by Landis Hudson
Using trucks to move thousands of fish into a lake isn’t exactly the way nature intended it, but sometimes that’s what it takes. In the spring of 2014 Maine’s Department of Marine Resources stocked 21,000 adult alewives into China Lake as an important first step in the Alewife Restoration Initiative. Another important step in the works is to dismantle the Masse saw mill in East Vassalboro. The mill’s owner, East Vassalboro Water Co., LLC, supports the project. Donald Robbins (co-owner) has given presentations to members of the community at the Vassalboro Grange and the Vassalboro Historical Society. Plans to remove the dilapidated saw mill and leaking Masse Dam will benefit the water company customers. The project calls for water pipes to be relocated, they are currently at risk of damage and contamination if the dam breaches or if the mill collapses into the stream.
While this part of the project will benefit customers of the East Vassalboro Water Company, the overall goal is to reconnect Outlet Stream’s historic alewife habitat. Alewives are native to Outlet Stream and China Lake but haven’t been seen there for generations, not since mills and dams were built hundreds of years ago.
A migratory species, adult alewives (also known as river herring or by their Latin name, Alosa pseudoharengus) migrate every spring from the ocean to lakes and ponds to reproduce before migrating back to the ocean. They are a ten-inch long silvery fish, known as the “fish that feed all” because of the great number of creatures eat them – from whales, eagles and osprey to turtles, brook trout, otter and mink.
In assessing the options at the Masse site, project partners determined that a dam removal was the best option but two other dams on the Outlet Stream will remain. The China Lake Outlet Dam will remain because it regulates the water level of China Lake. The Ladd Dam will also remain and a technical fishway will be installed to keep the swimming hole, protect sanitary sewer pipes and so that alewife harvesting can take place there. The site of the Masse Dam would be very challenging and expensive for installation of a technical or rockramp fishway because of the naturally occurring curve of the stream, the nearby road and the gradient of the slope fish would need to swim up in order to make their way up in the stream.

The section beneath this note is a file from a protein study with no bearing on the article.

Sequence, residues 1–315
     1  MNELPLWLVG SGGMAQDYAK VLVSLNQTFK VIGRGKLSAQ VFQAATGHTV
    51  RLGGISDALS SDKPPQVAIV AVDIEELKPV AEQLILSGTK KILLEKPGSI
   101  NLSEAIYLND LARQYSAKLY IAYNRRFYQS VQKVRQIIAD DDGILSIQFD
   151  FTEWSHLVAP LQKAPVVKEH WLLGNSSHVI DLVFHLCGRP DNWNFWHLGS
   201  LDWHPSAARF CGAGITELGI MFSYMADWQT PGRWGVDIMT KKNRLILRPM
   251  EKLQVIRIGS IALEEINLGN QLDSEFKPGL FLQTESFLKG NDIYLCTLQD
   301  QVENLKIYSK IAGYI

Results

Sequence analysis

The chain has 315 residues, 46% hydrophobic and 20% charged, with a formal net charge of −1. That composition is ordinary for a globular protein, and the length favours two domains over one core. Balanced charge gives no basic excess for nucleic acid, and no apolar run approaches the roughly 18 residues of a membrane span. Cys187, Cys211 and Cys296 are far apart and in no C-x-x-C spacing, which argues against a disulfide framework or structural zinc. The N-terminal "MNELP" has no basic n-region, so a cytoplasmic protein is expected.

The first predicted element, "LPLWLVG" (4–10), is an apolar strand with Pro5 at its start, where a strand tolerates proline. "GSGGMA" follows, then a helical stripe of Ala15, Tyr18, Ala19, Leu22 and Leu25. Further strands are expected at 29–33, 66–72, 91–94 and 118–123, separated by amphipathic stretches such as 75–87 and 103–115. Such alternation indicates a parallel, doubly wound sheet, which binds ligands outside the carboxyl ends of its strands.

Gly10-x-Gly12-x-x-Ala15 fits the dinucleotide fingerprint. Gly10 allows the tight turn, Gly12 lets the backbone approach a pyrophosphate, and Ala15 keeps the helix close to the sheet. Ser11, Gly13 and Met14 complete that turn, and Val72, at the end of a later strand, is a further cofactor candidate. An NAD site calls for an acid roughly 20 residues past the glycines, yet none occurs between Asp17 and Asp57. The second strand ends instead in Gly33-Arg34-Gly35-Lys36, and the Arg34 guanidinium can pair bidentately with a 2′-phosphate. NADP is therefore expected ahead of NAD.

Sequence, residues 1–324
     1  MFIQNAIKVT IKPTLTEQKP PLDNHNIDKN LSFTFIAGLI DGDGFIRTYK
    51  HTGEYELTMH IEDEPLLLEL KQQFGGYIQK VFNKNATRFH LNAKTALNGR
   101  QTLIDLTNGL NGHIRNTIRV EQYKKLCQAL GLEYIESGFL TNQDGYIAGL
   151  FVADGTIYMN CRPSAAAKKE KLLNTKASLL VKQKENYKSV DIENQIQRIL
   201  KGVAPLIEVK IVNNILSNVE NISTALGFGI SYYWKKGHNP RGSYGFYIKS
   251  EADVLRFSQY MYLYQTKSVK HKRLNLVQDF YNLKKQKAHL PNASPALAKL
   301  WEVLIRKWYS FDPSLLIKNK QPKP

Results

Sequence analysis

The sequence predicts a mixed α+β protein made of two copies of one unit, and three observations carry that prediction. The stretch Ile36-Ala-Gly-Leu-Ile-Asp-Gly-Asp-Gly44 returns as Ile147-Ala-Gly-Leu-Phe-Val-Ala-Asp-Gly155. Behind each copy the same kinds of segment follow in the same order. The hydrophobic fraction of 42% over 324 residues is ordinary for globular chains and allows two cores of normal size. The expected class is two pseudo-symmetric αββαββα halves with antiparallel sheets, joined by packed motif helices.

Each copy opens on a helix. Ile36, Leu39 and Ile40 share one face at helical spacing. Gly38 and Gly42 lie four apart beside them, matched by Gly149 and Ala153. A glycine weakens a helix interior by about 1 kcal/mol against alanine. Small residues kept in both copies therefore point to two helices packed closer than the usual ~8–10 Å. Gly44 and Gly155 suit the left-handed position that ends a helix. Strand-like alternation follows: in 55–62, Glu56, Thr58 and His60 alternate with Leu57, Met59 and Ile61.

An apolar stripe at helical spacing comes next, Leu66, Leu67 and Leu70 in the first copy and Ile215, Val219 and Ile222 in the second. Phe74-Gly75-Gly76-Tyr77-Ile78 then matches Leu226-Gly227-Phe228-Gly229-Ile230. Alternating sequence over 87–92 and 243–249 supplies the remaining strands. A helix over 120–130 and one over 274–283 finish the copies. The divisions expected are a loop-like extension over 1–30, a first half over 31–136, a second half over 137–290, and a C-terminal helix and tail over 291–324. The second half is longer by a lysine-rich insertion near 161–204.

Removing the Masse Dam will not dry up the Outlet Stream. The level of the water in China Lake is regulated by the Maine Department of Environmental Protection (DEP) and controlled by the Outlet Dam that is owned by the Town of Vassalboro. The minimum flow rate for Outlet Stream, also set by DEP, is 10 cubic feet per second (10 cfs).
Dismantling the Masse saw mill is a considerable undertaking. The history of the site is being fully documented according to precise specifications of the Maine Historic Preservation Office. Efforts are being made to find homes for as much of the historic equipment as possible. Volunteers and staff from the Maine Forest and Logging Museum, in Bradley, will be visiting the site soon. As Sherry Davis, director of the Museum writes, “It will be nice if there is potential for us to help save some part of the Masse heritage.”
While the saw mill and dam will be dismantled, the historic “grist mill” building will remain on the site, with the Outlet Stream flowing by. “We’ve got a lot of work to do this summer and in the coming seasons to complete the project, but I look forward standing on the stream banks with my kids, watching alewives swim by the Masse grist mill,” says Jennifer Irving, executive director of Sebasticook Regional Land Trust, a project partner. As Richard Behr, Vassalboro resident and Registered Maine Guide says, “These are complicated projects to take on but the successes are so important.”
The Alewife Restoration Initiative is a collaborative undertaking with state, federal and nonprofit organizations working together, with the towns of Vassalboro and China offering their support.
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